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Uber is pulling its application to renew its permit for testing autonomous vehicles cars on California streets.

But the California DMV plans to still move forward with issuing driverless testing and/or deployment permits beginning April 2. But, a spokesman said, “that doesn’t mean a manufacturer will meet the requirements or if we will approve them.” So even if Uber had applied, it's unlikely it would receive a permit.

Companies are already testing self-driving cars on California roads today, such as General Motors, Google’s self-driving spinoff Waymo, and a startup called Zoox. But those all have humans inside. This next phase will allow for testing without humans inside the cars, but there’ll be a remote operator ready to take over.

Uber says it withdrew its California application because it wouldn’t have been able to respond to state regulators’ questions until it first reviewed the findings of the investigation in Arizona. So far no one has determined whether Uber was at fault in the crash.

But the reason Uber was test-driving cars in Arizona was because it had started testing its self-driving cars in San Francisco in December 2016, even though the DMV ordered the company to obtain a permit. Uber refused, the DMV revoked Uber’s self-driving car licenses, and the company moved its testing operation to Tempe.

In the wake of this fatal crash, people have criticized Arizona for overly lax regulations of self-driving cars.

California's regulations will allow a true driverless car to operate on public roads in a "safe controlled manner," meaning cars will be able to be tested without a human in them. Prior to these rules, autonomous vehicles could only be tested in California with an approved driver.

Under the new regulations, vehicle manufacturers must obtain a driverless testing permit from the DMV and comply with the permit requirements, which include:

  • A required communication link between the vehicle and the remote operator, and between the vehicle and law enforcement.
  • Evidence the vehicle is equipped with an autonomous vehicle data recorder, to detect and respond to roadway situations in compliance with California Vehicle Code,
  • And the vehicle has to meet current industry standards to help defend against, detect and respond to cyber-attacks, unauthorized intrusions or false vehicle control commands.


People seem to be divided on the autonomous car future. On the one hand, many people are looking forward to not having to pay attention to the road, and to fewer traffic fatalities. Imagine a world without drunk driving.

But the Tempe crash shows that the technology has a long way to go.

There’s another concern you’ll hear, related to induced demand. The utopian view of autonomous cars is that they will relieve traffic, by reducing car ownership and the need for so much parking.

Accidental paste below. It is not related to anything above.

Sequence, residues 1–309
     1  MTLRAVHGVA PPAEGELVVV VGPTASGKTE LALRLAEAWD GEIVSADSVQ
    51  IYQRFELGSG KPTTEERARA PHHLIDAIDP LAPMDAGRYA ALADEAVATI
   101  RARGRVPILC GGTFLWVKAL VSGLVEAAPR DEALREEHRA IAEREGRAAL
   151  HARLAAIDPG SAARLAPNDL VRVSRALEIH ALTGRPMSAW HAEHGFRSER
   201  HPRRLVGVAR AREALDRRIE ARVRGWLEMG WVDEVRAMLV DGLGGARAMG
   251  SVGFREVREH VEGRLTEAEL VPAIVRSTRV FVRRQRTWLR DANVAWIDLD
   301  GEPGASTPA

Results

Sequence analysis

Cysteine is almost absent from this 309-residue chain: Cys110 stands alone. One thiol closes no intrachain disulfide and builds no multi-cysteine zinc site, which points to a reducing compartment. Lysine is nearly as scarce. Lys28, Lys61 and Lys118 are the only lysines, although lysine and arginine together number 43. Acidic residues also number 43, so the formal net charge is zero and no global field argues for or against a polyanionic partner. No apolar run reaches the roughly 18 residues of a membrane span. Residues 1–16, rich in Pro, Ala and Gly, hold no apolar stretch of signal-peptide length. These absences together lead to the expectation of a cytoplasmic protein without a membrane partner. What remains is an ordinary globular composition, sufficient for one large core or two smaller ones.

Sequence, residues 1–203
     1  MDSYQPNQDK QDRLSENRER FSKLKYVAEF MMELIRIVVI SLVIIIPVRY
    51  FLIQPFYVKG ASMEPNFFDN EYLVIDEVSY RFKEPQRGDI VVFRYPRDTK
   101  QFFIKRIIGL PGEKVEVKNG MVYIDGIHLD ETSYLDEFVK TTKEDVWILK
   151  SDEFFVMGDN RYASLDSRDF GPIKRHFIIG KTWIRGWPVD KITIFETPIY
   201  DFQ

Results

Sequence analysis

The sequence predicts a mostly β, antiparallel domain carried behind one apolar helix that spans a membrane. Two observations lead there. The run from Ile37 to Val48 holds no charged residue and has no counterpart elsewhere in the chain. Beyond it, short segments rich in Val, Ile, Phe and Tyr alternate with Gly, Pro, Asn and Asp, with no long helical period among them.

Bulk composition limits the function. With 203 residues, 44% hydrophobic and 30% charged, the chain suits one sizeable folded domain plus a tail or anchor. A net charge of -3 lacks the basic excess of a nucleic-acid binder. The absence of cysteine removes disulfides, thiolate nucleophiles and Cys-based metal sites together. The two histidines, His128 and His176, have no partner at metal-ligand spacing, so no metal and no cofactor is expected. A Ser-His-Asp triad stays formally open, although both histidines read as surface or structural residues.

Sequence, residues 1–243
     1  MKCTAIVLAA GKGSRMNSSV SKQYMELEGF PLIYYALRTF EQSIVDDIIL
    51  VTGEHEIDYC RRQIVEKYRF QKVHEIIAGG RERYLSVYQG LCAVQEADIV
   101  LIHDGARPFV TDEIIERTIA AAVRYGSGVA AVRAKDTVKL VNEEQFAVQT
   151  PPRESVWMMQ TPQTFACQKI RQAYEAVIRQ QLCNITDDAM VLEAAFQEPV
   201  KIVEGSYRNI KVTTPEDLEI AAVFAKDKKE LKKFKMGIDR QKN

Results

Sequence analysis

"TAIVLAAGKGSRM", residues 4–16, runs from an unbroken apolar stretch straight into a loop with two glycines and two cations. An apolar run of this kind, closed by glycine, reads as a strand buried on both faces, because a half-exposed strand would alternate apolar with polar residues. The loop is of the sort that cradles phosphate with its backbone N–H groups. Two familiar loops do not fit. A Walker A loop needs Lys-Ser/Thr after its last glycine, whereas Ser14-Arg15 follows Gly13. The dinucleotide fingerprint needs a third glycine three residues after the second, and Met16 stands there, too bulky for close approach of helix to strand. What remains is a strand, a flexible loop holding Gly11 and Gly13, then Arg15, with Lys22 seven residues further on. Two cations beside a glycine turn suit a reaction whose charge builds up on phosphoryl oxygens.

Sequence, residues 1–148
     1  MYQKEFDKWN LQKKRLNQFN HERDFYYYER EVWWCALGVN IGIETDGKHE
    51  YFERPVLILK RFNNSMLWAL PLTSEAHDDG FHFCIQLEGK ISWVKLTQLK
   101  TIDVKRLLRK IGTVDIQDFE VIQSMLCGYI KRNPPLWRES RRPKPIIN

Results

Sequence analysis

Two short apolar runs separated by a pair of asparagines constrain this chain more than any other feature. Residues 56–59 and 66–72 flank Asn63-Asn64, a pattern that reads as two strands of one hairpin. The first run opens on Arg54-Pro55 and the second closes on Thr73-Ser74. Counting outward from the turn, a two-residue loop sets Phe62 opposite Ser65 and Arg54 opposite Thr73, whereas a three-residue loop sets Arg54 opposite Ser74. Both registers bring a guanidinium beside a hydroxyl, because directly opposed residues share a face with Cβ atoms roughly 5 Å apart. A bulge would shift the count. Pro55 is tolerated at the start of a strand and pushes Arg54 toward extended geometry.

But the less optimistic view is that the opposite will happen. This view anticipates more vehicles miles traveled (VMT), because autonomous vehicles will make car rides so much more convenient, further clogging America’s already congested city streets. Plus they don’t believe people will give up on car ownership.

You only have to look at what’s happened with Uber and Lyft. Ride-hailing was heralded as a means to get people out of their cars, but there are now more on the roads.

Experts also caution that without sound public policy, the autonomous future could be more polluted.

"If the autonomous future is imminent, how do we make sure it's shared and electric at the same time?," asked Matt Petersen, CEO of the L.A. Cleantech Incubator and former chief sustainability officer for the City of Los Angeles. "So we don't just end up with more vehicles on the road that have internal combustion engines, or for that matter autonomous shared vehicles that have internal combustion engines. We really need to reduce emissions from an air quality standpoint, and a greenhouse gas emissions standpoint, here in Southern California."

Here’s the reality: A recent California Traffic Survey reported texting while driving and the use of mobile phones as “the most serious distractions on roadways today.”

But pedestrians are distracted too. How many times have you been driving or biking and a person walks into the street while texting or listening to music and does not stop at the street edge to look out for traffic? Honolulu now fines distracted walkers, and the small Southern California city of Montclair has introduced $100 fines for people crossing the street while staring at their phones.

Now that smartphones have turned us into distracted drivers and distracted pedestrians, the argument goes, autonomous cars are necessary.


An Uber self-driving car. Photo credit: zombieite via Flickr/CC.

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